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Nutrition tips to jump-start your school year

Debbie Petitpain | MUSC News Center | September 9, 2014


School Nutrition
Sarah Pack
 
  

Whether you have little ones you are sending off to school, you are starting classes yourself or you are just dealing with the changes in traffic patterns, there is no doubt that school is in!

Staying healthy while you adjust to the school year can take some planning but it can be done! Here are the 1, 2, 3’s for a healthy school year!

1.    Start with breakfast.

No doubt you have heard before that “breakfast is the most important meal of the day” but there is a lot of evidence to support this statement.

The benefits of eating breakfast are many and have been documented for decades and show that children who eat breakfast, compared to those who don’t, are less likely to be overweight, have improved nutrition, eat more fruits, drink more milk, and consume a wider variety of foods.

Schools that offer free breakfast to all students report decreases in discipline, psychological problems, visits to school nurses, tardiness, increases in student attentiveness and attendance, and a generally improved learning environment. Adults who eat breakfast have been found to have improved performance in mental tasks and concentration, improved feelings of fullness and satiety, less crankiness, decreased rates of carb cravings, better control of blood sugar levels, and may even lead to a longer-than-average life span. Dieters who eat breakfast are more likely to lose weight, lose inches around their waist and report a longer sense of fullness.
 

Debbie Petitpain Nutrition 
  

Breakfast should provide both protein and fiber. A high-fiber (at least 3 g per serving), low-sugar cereal with low fat milk or natural peanut butter on a whole grain waffle are examples of protein-fiber combos. Other protein sources include eggs, yogurt, and cottage cheese but don't be afraid to try shrimp, salmon or even leftover chicken or meat from the dinner before. Add some fiber like a piece of fruit, high fiber cereal or whole grain bread, or add in some vegetables like sautéed spinach, onions, mushrooms to your omelet or sliced tomato on your breakfast sandwich. Watch out for white flour, high sugar combos like pancakes with syrup or pop tarts which can lead to a mid-morning energy crash.

 

2.    Choose a healthy lunch.

The best way to make sure there is a healthy lunch is to plan ahead.

If your child eats school lunch, get a copy of the menu for the week or month and discuss what the best option is daily. Have a discussion about a la carte items like chips, cookies and ice cream – how often can he purchase something? Are there healthier treats he can buy or bring from home instead?

Packing a lunch – for yourself or your child – will guarantee a healthy option mid-day. Lunches should include a whole grain, lean protein and fruit or vegetable and low fat dairy. Pack your lunch the night before or even make up individual containers of your lunch components at the beginning of the week. For example, 5 baggies of cut up veggies, 5 washed apples, 5 sandwiches (which freeze great!), etc. Include your child in the planning of his lunch. Have him help decide what to purchase and have him help wash, chop and bag it up. Instead of a sugary drink, pack water, 100% fruit juice or some milk money. Slide in a note, special pencil, eraser, sticker or other “sweet” surprise for your child. If you have a fridge in your office, consider bringing in enough food for lunch for the week on Monday and when you eat in the cafeterias, look for the symbols, such as the Mindful one that MUSC uses, which indicates the healthiest choices.  For a fun idea on how to pack a salad in a jar: http://www.thekitchn.com/how-to-pack-the-perfect-salad-in-a-jar-cooking-lessons-from-the-kitchn-192174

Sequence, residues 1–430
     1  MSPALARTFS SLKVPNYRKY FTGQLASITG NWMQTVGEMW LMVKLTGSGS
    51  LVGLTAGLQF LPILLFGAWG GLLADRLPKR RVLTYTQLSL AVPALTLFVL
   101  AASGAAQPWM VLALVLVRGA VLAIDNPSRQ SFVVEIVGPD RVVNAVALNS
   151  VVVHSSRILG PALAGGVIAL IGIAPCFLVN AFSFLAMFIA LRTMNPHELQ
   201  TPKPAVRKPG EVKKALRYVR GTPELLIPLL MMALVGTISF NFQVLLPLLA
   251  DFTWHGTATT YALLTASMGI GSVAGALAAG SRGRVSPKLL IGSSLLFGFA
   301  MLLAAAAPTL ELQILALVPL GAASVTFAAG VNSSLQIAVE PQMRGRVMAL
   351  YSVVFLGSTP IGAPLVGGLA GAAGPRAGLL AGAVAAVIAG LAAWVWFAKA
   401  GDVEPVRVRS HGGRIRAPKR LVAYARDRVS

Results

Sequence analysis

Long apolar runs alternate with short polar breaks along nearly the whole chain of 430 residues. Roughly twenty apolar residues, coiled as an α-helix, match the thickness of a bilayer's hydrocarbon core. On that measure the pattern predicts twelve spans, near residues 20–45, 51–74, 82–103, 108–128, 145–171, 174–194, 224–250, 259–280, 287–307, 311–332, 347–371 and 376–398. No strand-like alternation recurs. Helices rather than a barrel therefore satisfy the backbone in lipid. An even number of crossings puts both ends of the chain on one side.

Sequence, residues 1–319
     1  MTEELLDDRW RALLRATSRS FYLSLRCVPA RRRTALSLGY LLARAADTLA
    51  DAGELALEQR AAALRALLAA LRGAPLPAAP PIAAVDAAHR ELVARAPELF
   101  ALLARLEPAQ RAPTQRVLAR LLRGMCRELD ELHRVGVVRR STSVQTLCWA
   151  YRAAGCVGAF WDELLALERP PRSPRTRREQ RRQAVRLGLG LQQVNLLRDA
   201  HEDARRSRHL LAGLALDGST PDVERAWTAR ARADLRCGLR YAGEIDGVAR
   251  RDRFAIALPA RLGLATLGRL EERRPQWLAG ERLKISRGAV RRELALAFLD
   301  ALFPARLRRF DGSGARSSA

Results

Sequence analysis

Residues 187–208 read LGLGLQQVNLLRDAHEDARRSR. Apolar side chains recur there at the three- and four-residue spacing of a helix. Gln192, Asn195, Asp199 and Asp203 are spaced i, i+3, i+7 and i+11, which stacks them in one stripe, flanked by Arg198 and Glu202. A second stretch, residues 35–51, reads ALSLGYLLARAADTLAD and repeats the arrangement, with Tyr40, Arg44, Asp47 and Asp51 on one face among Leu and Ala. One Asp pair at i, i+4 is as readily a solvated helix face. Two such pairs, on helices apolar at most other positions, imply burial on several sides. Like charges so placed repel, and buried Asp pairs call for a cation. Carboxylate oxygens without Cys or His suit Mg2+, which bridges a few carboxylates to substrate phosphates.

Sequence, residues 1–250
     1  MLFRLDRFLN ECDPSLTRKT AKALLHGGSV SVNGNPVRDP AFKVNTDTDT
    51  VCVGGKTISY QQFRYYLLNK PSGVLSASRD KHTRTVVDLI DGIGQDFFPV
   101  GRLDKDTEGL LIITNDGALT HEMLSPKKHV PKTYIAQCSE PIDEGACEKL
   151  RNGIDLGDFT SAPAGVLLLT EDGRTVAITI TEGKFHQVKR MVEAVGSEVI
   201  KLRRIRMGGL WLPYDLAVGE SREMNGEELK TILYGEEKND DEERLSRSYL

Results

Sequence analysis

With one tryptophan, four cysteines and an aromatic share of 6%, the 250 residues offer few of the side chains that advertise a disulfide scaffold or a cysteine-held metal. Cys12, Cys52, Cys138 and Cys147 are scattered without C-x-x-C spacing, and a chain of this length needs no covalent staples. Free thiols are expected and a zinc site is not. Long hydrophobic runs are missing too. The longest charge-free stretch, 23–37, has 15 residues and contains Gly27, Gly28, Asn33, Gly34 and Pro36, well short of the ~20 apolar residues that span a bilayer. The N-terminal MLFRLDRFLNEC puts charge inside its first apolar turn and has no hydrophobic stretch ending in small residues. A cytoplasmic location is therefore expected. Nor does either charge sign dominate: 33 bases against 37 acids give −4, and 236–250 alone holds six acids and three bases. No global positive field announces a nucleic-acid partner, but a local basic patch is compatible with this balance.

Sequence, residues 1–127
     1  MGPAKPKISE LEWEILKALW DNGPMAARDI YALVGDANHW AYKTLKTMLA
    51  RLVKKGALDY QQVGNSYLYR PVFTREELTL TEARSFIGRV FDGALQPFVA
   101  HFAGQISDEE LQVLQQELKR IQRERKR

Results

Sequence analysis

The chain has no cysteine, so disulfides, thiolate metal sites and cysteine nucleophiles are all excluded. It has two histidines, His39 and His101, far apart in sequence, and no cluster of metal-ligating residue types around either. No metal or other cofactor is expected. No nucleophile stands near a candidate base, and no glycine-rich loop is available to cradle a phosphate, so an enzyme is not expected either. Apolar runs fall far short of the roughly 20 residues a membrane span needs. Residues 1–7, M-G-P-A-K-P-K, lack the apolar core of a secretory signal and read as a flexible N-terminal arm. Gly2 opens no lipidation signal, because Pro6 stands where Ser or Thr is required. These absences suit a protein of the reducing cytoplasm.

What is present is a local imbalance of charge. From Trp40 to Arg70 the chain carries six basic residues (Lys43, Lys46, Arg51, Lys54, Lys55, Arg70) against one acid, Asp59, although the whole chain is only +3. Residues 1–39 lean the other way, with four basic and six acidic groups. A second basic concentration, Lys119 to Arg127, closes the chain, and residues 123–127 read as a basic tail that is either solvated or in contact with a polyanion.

3.    Get enough sleep!

We get used to staying up late with the sun during the summer months and need to shift bed times earlier everyone is getting enough sleep despite a new early bell or bus pick up time.

Sleep needs vary from individual to individual but generally, adults need 7-9 hours per night while school aged children (ages 5-10) need 10-11 hours per night; teenagers fall somewhere in the middle. It is easy in today’s fast-paced, over committed life to consider sleep as a luxury and it’s often the first healthy behavior to get cut short. However, research shows sleep is when our brain processes the new information we have learned and may be required for us to properly store and make memories. Sleep deprivation makes it more difficult to retrieve information, affects our ability to make good decisions, affects our physical performance and, of course, negatively impacts our mood. Sleep deprivation has also been associated with weight trouble and increased feelings of stress.  

To create healthy sleep habits, establish a consistent bed time (that is also consistent on the weekends), have a predictable bedtime routine (eg: bath, stories, lights out), create a comfortable sleeping environment that is cool, dark and free of electronics. Daytime habits that promote good sleep include getting in daily physical activity and limiting caffeine, especially in children.  Here is a great chart to see how much sleep you need: http://sleepfoundation.org/how-sleep-works/how-much-sleep-do-we-really-need

Sliding back into the swing of things with the start of school can take some tweaking and planning. By eating well and sleeping well, your health benefits will pay off all year long!

Debbie Petitpain, RDN, is a Sodexo Wellness Dietitian in MUSC’s Office of Health Promotion.





 

 

 
 

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